Posts Tagged Newport
<em>Newport</em> By Jill Morrow. William Morrow Trade Paperback| July 7, 2015|356 pages |$14.00| ISBN: 9780062375858
Newport hooked me from page one as a page-turner in which to immerse oneself during a weekend or holiday. There’s the beautiful sepia cover with a blonde young woman with ringlet waves in deep thought in front of phonograph which drew me in. I wanted much more of what I saw on the cover. Newport and the 1920s. Two subjects with sophistication, flair and romantic nostalgia.
Dashing and successful Boston attorney Adrian de la Noye travels to Newport with his young associate/protégé Jim Reid to revise a client’s will. Bennett Chapman plans to marry the much-younger and stunning Catharine Walsh and his children aren’t thrilled over the marriage or their father’s plans to include her in his will. It’s been twenty years since Adrian last visited Newport and his story along with that of the secretive Catharine Walsh and her daughter Amy unfolds. Utilizing séances where Amy serves as a medium for Chapman’s departed wife’s messages to him, her children and others in the room. She declares that Catharine Walsh and Bennett Chapman must marry. She also exposes secrets about everyone. Is it a scam perpetrated by the grifter mother-daughter team or is Mrs. Chapman truly speaking from beyond? Morrow traverses from present day to twenty years earlier and includes several [fairly predictable] twists.
“For as long as Jim had known Adrian de la Noye—and that was practically all of Jim’s twenty-five years—the man had never seemed ruffled or out of place. Such ease was to be expected in the sanctified halls of Andover and Harvard, which Jim had attended on Adrian’s dime. Adrian had been born to fit into places like that, and he called both institutions his alma mater.”
Author Jill Morrow unfortunately does not sufficiently establish setting or time. It could have been nearly any time and any place in the past. If the book wasn’t called Newport I wouldn’t be able to guess where we were. First it was off-season and besides the main seaside mansion that the characters visit and a walk two characters take along the beach, Morrow didn’t really describe what I’ve come to understand about the Newport historical days with the Four Hundred—a group of old money families—holding elaborate and exclusive parties. It unfolds that the Chapman family is new money and therefore not well-regarded by the Newport set. Adrian de la Noye summered on Cape Cod although he partied with his friends in Newport often. This is a character-driven novel where mysterious, broken characters propel the story-lines. Once the reader starts she wants to know exactly what happened and what will happen. For genuine 1920s allure one is better off reading F. Scott Fitzgerald’s This Side of Paradise or Erika Robuck’s Fallen Beauty or countless other novels set in the Jazz Age.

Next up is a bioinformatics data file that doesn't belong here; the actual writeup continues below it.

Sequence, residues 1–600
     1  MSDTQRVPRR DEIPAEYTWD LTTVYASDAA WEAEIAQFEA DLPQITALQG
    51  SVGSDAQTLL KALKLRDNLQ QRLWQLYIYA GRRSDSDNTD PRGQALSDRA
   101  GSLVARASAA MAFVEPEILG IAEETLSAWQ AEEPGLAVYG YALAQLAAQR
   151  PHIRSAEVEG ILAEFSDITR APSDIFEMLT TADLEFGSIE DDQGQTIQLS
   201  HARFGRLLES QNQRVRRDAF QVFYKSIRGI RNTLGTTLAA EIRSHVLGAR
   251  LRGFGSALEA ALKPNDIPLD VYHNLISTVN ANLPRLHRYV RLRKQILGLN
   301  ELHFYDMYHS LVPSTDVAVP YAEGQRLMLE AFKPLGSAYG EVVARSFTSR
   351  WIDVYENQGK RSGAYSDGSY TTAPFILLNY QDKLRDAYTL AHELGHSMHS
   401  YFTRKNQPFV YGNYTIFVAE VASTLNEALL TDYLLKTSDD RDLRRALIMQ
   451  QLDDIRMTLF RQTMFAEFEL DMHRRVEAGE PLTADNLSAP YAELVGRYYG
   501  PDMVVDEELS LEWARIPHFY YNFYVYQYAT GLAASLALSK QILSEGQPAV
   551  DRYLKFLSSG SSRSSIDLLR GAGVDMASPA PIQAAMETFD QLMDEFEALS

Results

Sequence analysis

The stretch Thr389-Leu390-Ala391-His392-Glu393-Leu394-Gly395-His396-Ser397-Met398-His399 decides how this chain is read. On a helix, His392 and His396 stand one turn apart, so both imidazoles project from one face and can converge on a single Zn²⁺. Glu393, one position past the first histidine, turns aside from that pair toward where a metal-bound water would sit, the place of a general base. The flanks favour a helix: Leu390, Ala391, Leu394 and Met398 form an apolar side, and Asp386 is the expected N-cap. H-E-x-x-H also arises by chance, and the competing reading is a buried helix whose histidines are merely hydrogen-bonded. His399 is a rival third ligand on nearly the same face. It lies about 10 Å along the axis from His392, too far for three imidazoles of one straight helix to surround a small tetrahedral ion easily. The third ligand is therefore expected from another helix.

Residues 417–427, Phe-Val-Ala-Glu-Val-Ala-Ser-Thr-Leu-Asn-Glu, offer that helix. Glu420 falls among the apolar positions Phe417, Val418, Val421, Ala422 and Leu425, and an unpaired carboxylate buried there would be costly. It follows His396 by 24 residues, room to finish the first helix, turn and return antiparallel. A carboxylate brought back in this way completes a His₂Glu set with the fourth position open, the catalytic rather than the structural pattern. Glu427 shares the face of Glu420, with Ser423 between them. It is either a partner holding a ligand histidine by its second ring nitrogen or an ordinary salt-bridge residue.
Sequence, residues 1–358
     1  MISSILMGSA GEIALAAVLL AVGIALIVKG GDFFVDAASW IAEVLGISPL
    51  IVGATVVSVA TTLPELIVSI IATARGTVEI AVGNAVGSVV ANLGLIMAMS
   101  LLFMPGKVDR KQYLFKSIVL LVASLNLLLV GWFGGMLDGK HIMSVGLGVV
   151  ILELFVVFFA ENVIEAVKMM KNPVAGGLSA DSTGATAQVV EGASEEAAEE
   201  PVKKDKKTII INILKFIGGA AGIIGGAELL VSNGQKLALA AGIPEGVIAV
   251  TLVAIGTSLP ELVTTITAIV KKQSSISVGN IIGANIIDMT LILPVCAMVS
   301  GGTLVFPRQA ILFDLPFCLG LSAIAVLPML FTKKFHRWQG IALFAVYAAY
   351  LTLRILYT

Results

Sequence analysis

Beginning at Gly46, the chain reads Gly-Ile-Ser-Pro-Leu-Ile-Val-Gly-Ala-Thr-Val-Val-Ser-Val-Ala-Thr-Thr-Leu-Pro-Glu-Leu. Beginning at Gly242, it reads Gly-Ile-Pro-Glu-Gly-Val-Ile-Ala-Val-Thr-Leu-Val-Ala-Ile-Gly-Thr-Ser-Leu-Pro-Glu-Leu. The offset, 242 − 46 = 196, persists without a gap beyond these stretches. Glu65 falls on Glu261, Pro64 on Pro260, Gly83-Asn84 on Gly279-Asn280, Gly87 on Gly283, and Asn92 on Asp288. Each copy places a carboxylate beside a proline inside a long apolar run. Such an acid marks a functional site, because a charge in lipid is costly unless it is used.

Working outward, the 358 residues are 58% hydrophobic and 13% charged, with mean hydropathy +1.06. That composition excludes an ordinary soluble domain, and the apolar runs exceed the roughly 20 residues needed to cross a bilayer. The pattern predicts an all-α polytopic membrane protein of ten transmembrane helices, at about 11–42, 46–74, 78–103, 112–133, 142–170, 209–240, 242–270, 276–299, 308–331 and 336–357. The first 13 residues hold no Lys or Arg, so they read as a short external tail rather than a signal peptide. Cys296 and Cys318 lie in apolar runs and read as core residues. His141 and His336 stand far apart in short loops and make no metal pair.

Visit Newport around the holidays to see the mansions decked out gorgeously in holiday decorations.
–review by Amy Steele
FTC Disclosure: I received this book for review from William Morrow.
Title: Emily Hudson
Author: Melissa Jones
Hardcover: 368 pages
Publisher: Pamela Dorman Books (September 2, 2010)
Category: historical fiction
The perils of being a free-spirited, intellectually curious woman during the Civil War are at the heart of this historical fiction novel, based on an event in the life of Henry James. After being expelled from boarding school for her improperly close friendship with a schoolmate, Augusta, and being accused of not fitting in, Emily Hudson finds herself at the mercy of her mother’s brother in Newport. Emily lost her entire family to consumption and her uncle feels overly burdened by having her in his care. He’d like her married off as soon as possible but Emily has other ideas. She wants to travel. She wants to be an artist. She plays piano and sketches and paints when she can. While her other cousins are off at war, William, who’s rather weak and sickly, remains behind in Newport. Soon Emily and William spend their days talking about literature and travel and have become the closest allies. When a relationship falls through for Emily, William decides to take her abroad under his guardianship. Emily had longed to visit England and be part of European society and away from her puritanical uncle but she soon finds that William is as controlling. If Emily is every going to be free and truly content, she must make her own plans.
I wish you would not describe me and pinpoint me so continually. Besides, in my belief, a person is always essentially themselves. That cannot be changed or altered.
Author Melissa Jones has created a rousing feminist character in Emily. She’s outspoken and likely to shun conventionality. Emily’s a bit ahead of her time. Women are supposed to be married off by a certain age and then be relegated to the kitchen and drawing room, only to come out for parties and entertaining. And to be an artist at this time? It’s rather unusual and Emily certainly meets those who doubt her talents and capability to make it out there on her own, including her dear cousin William. Throughout her elegant prose, Jones makes it quite clear that William suffers an awful jealousy of his cousin’s fiery persona and independent nature. He tries to control her through an allowance but Emily refuses to be constricted by proper society and her cousin’s simplistic wishes for her.
Above all she was tired of fighting and struggling, struggling with her own nature—her own being.
Outstanding research and scintillating physical descriptions makes Emily Hudson a truly stand-out work of historical fiction. Through memorable settings and eloquent details, Jones turns 18th century Boston and British society into beguiling additional characters. Emily Hudson is a charming story about one woman’s search for her true self and everlasting happiness without sacrificing her ideals.